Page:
Key NATO Supply Route Hit Again in Pakistan

Oct. 4: Pakistani firefighters try to extinguish burning NATO supplies and oil tankers outside of Islamabad.

Oct. 4: Pakistani firefighters try to extinguish burning NATO supplies and oil tankers outside of Islamabad.  (2010 AFP)

ISLAMABAD -- The Pakistani Taliban claimed responsibility Monday for a pre-dawn attack on tankers carrying fuel to Afghanistan for U.S. and other NATO forces, vowing to continue raiding supply lines in Pakistan until they are shut down completely.

The attack came on a supply line that has been stalled because of a temporary border closing imposed by Pakistani authorities after a NATO helicopter attack killed three Pakistan troops last week.

It was the third such attack since Friday, and seemed certain to raise the stakes in the closure, which has exacerbated tensions between Washington and Islamabad but has been welcomed by Islamist groups opposed to Pakistan's support of the U.S.-led war in Afghanistan.

About a dozen militants attacked the tankers as they were parked at a truck stop outside Islamabad, peppering the vehicles with their automatic weapons and then setting the leaking fuel ablaze. Four people were killed and another seven injured, and some 20 trucks were partially or totally destroyed, authorities said.

The Pakistani Taliban, which last week threatened more attacks on the supply lines, claimed responsibility in a telephone call to an Associated Press reporter.

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Spokesman Azam Tariq said a new wing of the group had been created to strike the convoys and that the attacks "would continue until the supplies are completely stopped."

Trucks moving supplies from the port city of Karachi through Pakistan into Afghanistan make frequent stops along the way for their drivers to rest along the several-day journey, and Islamabad police chief Kalim Imam said it was impossible for police or local authorities to protect them all the time.

"This entire thing is very vulnerable for such attacks," he said.

The trucks were en route or waiting to travel to the Torkham border crossing along the fabled Khyber Pass, which is used to bring fuel, military vehicles, spare parts, clothing and other non-lethal supplies for foreign troops in Afghanistan. Pakistan's other main route into landlocked Afghanistan, in Chaman in the southwest, has remained open.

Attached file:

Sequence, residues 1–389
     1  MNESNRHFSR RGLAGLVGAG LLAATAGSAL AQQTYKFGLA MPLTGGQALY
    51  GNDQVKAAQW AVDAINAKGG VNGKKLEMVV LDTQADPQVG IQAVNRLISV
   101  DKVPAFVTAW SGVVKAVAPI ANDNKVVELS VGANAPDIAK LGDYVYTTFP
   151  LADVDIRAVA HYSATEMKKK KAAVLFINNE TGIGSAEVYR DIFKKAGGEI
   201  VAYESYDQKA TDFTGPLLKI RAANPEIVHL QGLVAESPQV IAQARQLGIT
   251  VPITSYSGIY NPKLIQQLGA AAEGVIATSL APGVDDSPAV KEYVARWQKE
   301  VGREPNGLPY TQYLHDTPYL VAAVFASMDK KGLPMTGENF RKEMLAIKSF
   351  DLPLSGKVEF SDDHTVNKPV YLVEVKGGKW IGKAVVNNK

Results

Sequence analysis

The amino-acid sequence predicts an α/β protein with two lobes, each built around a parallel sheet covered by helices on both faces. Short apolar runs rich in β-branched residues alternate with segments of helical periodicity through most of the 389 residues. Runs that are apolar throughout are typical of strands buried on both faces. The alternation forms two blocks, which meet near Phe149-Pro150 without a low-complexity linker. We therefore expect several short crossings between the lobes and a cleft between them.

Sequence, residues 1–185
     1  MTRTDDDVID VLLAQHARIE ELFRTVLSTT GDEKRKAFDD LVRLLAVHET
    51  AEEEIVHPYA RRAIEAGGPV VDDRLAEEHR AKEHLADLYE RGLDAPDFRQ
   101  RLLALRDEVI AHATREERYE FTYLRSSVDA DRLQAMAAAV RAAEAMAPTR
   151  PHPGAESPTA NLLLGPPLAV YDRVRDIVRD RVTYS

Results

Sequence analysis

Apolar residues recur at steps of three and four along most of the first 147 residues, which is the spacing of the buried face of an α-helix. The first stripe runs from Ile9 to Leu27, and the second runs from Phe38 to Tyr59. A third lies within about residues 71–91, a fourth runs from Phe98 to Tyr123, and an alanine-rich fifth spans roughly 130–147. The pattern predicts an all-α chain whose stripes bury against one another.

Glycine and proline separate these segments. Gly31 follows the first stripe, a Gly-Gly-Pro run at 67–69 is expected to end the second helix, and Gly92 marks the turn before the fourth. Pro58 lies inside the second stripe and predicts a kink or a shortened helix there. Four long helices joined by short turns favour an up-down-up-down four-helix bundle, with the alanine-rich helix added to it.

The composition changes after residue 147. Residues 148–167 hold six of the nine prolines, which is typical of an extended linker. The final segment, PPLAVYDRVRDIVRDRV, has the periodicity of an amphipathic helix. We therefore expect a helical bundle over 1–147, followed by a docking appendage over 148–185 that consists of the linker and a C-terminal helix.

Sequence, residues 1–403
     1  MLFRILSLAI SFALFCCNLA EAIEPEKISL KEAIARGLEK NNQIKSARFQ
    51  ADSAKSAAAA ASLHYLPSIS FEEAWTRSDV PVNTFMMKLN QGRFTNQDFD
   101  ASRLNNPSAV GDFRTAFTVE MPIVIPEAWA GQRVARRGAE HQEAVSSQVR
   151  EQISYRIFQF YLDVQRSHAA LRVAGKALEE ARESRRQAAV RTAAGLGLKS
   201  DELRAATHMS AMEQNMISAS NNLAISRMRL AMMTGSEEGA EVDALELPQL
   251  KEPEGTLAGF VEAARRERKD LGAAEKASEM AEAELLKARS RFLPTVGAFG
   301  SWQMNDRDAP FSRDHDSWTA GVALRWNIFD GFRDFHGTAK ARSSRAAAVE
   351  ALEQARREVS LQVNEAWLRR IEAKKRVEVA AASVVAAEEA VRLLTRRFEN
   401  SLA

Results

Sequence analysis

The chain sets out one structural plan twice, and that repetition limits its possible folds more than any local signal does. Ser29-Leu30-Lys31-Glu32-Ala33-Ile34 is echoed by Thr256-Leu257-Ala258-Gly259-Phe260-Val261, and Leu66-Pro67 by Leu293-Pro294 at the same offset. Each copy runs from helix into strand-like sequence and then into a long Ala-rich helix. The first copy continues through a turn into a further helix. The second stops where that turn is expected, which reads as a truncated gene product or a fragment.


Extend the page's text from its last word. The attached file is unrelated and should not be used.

While NATO and the United States have alternative supply routes into Afghanistan, the Pakistani ones are the cheapest and most convenient. Most of the coalition's non-lethal supplies are transported over Pakistani soil after being unloaded at docks in Karachi, a port city in the south.

On Friday, a day after the closure of the Khyber Pass route to NATO and U.S. traffic, there were two attacks on oil tankers headed to the country, one of which was claimed by the Pakistani Taliban.

The Pakistani Taliban are the country's largest militant group. Based in the northwest, it has claimed responsibility for scores of suicide bombings against Pakistani government and security targets, as well as Western ones. The group has ties with the Taliban movement in Afghanistan that is fighting the U.S.-backed government there.

Striking the supply line now gains the group more media attention than normal and makes the mission in Afghanistan appear vulnerable.

While attacks on convoys in Pakistan give militants a propaganda victory, coalition officials say they do not result in shortages in Afghanistan. Hundreds of trucks cross into Afghanistan each day.

Some attacks are believed to be the work of criminals, who can sell much of the vehicles, clothes and other goods they carry. Officials have alleged truck owners may be behind some of the incidents, perhaps to claim insurance fraudulently.

On Sunday, Pakistan's ambassador to the U.S., Husain Haqqani, said the border crossing would be soon reopened.